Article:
During the course of the audit, you may be asked to produce any physical or electronic records of your cross border transactions. Here are some of the documents you might have to show:

  • Accounting ledgers
  • Airway bills
  • Bills of landing
  • Permits
  • Contracts
  • Correspondences with customers or suppliers
  • Orders
  • Invoices
  • Packing lists
  • Evidence of monetary transactions
  • Evidence of transference of money overseas

How will Customs behave and what can they do?

In most countries, Custom officials are expected to be professional and polite in dealing with you. They have to carry out the audit in the way prescribed by the law and need to respect your privacy as well as the day to day working requirements of your business during the time of the audit. They are also expected to clarify any queries you may have regarding the whole process. However, in most countries, Customs officials are also well within the confines of the law if they need to resort to force to secure documents and evidence of wrong doing.

What happens if there are errors/mistakes in my transactions?

The purpose of an audit is to find out discrepancies in your transactions and records. As mentioned above however, Customs officials use the audit results to get an idea of how much compliance there is in a particular sector. If they find errors in your records, they won’t necessarily penalize you harshly for all them. One main intent of the exercise is to ensure the errors don’t continue to happen in the future.

Audit officials will also discuss such discrepancies with you and may even want to have those errors adjusted and reflected in your records. In some cases, penalties or fines may be necessary. However, they will typically also listen to any explanations you may have regarding the discrepancies.

In some cases, penalties or fines may be necessary.

You also have the right to disagree and fight for your rights against Customs officials’ decisions. However, it is worth knowing that following all the legal procedures in your dealings with Customs is mandatory even if you may have hired a third party to handle the Customs facing end of your business.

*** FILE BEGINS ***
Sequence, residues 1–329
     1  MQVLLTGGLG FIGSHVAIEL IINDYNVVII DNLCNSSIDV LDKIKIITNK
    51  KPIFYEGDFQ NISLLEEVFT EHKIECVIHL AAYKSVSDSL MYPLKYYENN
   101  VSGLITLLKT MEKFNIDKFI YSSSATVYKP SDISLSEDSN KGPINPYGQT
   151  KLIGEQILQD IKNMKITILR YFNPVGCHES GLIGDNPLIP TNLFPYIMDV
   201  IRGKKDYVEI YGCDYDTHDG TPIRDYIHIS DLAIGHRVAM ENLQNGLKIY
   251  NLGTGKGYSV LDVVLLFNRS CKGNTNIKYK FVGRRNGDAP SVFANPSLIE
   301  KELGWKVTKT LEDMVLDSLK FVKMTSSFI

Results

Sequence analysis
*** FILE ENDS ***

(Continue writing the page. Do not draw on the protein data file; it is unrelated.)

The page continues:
Some common errors found during Customs audits:

Failing to keep records:

Companies should ensure they retain all documentation related to Customs transactions until the end of the period defined by law. the income tax department may also require the same set of documents to be retained for tax auditing purposes. However, the retention period defined for tax audit purposes may be different. The trader should keep the documents for the longest period defined between the two.

Incorrect entry of imports:

The products that a company imports need to be correctly declared with correct tariff numbers assigned. Even samples, promotional products or products that weren’t ordered but still received need to be recorded and entered in the documentation. Erroneous HS classification is a major source of compliance issues for many traders.

Wrong Customs value calculated:

When determining the Customs value for a shipment, all the associated costs need to be taken into account. These costs could include costs like ads, royalties, intellectual property fees, rebates, research, commissions etc. If a trader fails to provide these details, Customs officials won’t be able to calculate the correct Customs value for the goods.

Incorrect origin:

You will need to declare the country of origin so that the proper tariffs or preferential rates can be applied to your shipment. This information is provided by vendors and suppliers who may have made mistakes when supplying this information to you.

Related transactions:

Any related party transactions also need to be indicated on import declaration documentation.

Remedies – Voluntary Disclosure:

If you have discovered errors in your transactions, it is a good idea to report those errors to the Customs department, assuming they have a volumtary disclosure program. This ensure you are staying in compliance and respecting the law of the country and also saves you from future headaches related to audits, costs, penalties etc. However, not all countries have voluntary disclosure programs.

However, such disclosures cannot be made any time you may wish. For instance, once an audit has started, it may no more be possible for you to disclose your errors. Some countries may allow such disclosures before some specific stages in the audit progress has been reached. In general however, you cannot use the voluntary disclosure option once you realize your discrepancies will be exposed in an audit.

The best way to proceed is to find out how an audit affects your disclosure rights in the country you do business in. Some companies hire their own auditors to carry out a mock Customs audit before the actual Customs audit takes place. This way, they can find out the risks involved and take the appropriate measures to to mitigate risks and craft defense plans.